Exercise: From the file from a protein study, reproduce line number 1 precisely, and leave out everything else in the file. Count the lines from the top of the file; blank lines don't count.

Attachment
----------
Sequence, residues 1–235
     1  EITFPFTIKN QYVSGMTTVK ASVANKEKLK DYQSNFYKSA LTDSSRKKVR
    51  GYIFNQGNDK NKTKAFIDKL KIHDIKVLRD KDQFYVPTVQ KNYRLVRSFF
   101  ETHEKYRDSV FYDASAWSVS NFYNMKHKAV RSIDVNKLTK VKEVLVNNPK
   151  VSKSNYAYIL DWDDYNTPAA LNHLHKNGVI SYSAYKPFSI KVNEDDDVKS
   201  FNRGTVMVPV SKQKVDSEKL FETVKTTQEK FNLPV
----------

Sequence, residues 1–235